This is a core story because it’s not the first time I’ve heard it; more than a couple of friends and their more gossip-worthy relatives have been made aware of their teenaged child’s sexual awakening through devious divings into his or her text message history. If rites of passage have evolved at all, it’s to make room for a mortifying encounter with a livid, bawling parent with an unfortunate proficiency in modern sleuthing methods. In this particular case, my friend was terribly shaken – not just because her daughter was apparently sexually active, but because the nature of the messages were less “journey of sexual discovery” and more “let’s all have an orgy”. The result was a horrified, grounded, phoneless young wan, and a horrified, tearful, traumatised mother, who spent the next few weeks doubting her parental fitness, and wondering what the hell she was supposed to do next.

Beyond carefully-selected woe betides, it turned out, not a whole lot. Teenagers will march on towards adulthood, after all, and there’s not much to be said for the concept of a postemptive strike.

When I was a teenager – the mid-nineties, which as far as I’m concerned are still the very recent past – I thought that my mam would absolutely curdle if she knew what we got up to of a Saturday evening, though that would be a problem entirely her own, for we were doing nothing Wrong. No one was in danger. No one was compromised. It was just the generational gap and it was up to the oldies to bridge it. So is it that I’m an oldie now that I can’t get my head around the carry-on of kids today? Has an unwelcome fuddyduddyness infected my tolerance and common sense and wherewithal? Am I just pumped up on the fear of that which I just don’t, like, totally get?

Have I no good reason to be alarmed by the young and scantily-clad and surefooted?

Miley Cyrus has been all over the gossip sites of late; all of Miley, all over. The seventeen-year-old popstrel is keen to ditch Hannah Montana’s blonde wig, tweenie fans and wholesome blether for a more sophisticated image befitting her advancing years. For which read: less pants. Bigger hair. More simulated mutual masturbation with hawt leather-bound dancers. Singer and actress Taylor Momsen, a similarly pantsless chica who wants to be Chrissie Hynde from the waist up only, celebrates her seventeenth birthday later this month, yet is happy to tell us all that she’ll dress in t-shirts, suspenders and ripped stockings now because it would be inappropriate in her thirties. The world’s most extraneous wild child, Peaches Geldof, had, at seventeen, been photographed in more compromising positions than you could shake a paper cone at.

However, just because Ms. Cyrus wants to be seen as a fully-fledged sexual being in control of her own whims and intimate piercings doesn’t mean you should treat her as one – blogging nitwit Perez Hilton recently got a scalding when he posted an upskirt image of an apparently commando Miley getting out of a car. Distribution of child pornography! yowled his critics. Even if she’s dressed in killer heels and negligee and waving her crotch about in concert doesn’t mean you should be looking at it! Miley, in short, is old enough to court controversy for sales figures and column inches, but certainly not old enough to be held responsible for such marketing decisions. Likewise, Taylor Momsen remains stubbornly unable to understand any objection to the persistent flashing of an underage girl’s inner thighs. Peaches Geldof, now old enough to vote and know better, has her boyfriend call out the mothers of those who capture her posing, glassy-eyed, in manky, strange bedrooms. Give me the perks of adulthood so that I may taste, but get them consequences Out Of My Face. Disturbing? Absolutely, but mostly because the Age Of Accountability seems a long way off for each of these little madams. Am I climbing ever faster to the peaks of irrelevance if my jaw drops and my skin crawls? You tell me.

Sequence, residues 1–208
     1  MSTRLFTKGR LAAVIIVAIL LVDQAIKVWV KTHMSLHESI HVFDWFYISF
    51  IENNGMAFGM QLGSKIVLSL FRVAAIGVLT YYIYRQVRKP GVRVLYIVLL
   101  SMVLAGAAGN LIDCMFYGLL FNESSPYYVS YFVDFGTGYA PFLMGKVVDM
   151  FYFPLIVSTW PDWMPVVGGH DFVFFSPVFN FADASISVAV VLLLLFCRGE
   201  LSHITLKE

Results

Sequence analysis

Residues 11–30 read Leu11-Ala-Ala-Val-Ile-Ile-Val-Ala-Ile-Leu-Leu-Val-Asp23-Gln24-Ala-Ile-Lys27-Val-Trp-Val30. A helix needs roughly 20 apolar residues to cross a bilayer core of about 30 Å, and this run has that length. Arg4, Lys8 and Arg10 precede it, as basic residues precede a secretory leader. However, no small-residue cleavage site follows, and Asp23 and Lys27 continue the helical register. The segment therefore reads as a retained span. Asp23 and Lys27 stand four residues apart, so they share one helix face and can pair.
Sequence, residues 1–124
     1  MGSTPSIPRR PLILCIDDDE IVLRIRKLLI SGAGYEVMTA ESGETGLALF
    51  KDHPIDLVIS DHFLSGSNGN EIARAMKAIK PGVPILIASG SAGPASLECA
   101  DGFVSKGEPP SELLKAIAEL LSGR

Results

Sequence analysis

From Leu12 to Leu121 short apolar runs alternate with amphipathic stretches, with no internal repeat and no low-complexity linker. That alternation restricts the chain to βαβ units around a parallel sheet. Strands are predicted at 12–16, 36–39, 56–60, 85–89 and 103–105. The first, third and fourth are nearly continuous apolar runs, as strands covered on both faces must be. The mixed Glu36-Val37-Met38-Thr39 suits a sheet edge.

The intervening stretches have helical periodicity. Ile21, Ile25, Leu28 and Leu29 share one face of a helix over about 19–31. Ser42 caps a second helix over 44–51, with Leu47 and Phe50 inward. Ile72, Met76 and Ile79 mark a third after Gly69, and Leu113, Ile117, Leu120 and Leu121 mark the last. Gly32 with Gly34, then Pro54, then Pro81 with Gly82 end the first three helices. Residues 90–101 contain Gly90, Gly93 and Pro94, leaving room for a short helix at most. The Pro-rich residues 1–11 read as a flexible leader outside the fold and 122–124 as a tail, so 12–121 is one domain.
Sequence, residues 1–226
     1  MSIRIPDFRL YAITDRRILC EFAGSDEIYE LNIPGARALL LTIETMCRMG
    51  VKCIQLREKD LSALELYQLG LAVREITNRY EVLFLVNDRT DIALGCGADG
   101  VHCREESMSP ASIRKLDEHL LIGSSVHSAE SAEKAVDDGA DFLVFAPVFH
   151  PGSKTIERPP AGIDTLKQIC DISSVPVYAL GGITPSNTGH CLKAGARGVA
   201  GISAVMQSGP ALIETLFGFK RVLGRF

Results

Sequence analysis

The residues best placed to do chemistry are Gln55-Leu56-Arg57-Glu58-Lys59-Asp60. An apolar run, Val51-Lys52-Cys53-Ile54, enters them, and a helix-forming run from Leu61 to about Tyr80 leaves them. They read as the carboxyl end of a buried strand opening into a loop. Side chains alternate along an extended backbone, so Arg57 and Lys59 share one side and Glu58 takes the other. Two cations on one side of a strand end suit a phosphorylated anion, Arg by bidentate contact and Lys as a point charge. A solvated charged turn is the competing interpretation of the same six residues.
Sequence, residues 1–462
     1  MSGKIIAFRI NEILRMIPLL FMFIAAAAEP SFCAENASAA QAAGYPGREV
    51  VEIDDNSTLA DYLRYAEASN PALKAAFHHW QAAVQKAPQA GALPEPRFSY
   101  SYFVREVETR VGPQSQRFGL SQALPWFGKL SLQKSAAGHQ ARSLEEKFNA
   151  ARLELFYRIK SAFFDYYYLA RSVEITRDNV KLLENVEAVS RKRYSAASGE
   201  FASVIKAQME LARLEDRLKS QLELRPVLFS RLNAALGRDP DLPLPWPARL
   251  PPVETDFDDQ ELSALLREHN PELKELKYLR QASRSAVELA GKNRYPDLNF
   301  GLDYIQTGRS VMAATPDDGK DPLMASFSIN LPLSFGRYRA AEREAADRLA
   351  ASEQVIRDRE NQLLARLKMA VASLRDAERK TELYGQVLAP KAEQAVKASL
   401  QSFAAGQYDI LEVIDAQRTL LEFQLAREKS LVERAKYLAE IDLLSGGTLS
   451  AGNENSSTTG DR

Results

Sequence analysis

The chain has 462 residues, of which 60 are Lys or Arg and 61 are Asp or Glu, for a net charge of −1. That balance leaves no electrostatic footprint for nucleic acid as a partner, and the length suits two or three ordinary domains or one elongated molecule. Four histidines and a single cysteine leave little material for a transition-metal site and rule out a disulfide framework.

Are we destined – the generation in power, of child-bearing and wine-appreciation age – to wring our hands at the hyperbolic sexual statements of younger ladies? Perhaps it’s as simple as that; perhaps daring text messages are to be taken as nothing but Ye Olde Boundary Pushing, and the disregard of trousers in fashion ensembles equates to a modern day bra-burning. Despite our initial squawks and retchings, when I think about it, it’s unlikely my friend’s daughter was having a train run on her in the back bedroom of her best friend’s house. Most likely, it was just our paranoid, terrified adult minds pinning advanced sexual foibles to clumsy teenage fumbling. There is no doubt that today’s little women are coming of age in a more aggressively sexualised society, but just because you’re surrounded by pole-dancing hotties in music videos, blowjob tips in magazines, and glamour models empowering the shit out of everyone, doesn’t mean you have a wisp of a notion what to do with any of it.

Incidentally, my friend had a fancy-dress party recently, and as a treat, the fourteen-year-old was allowed to join in. As a Playboy bunny. Which she thought was sweet. I shit you not.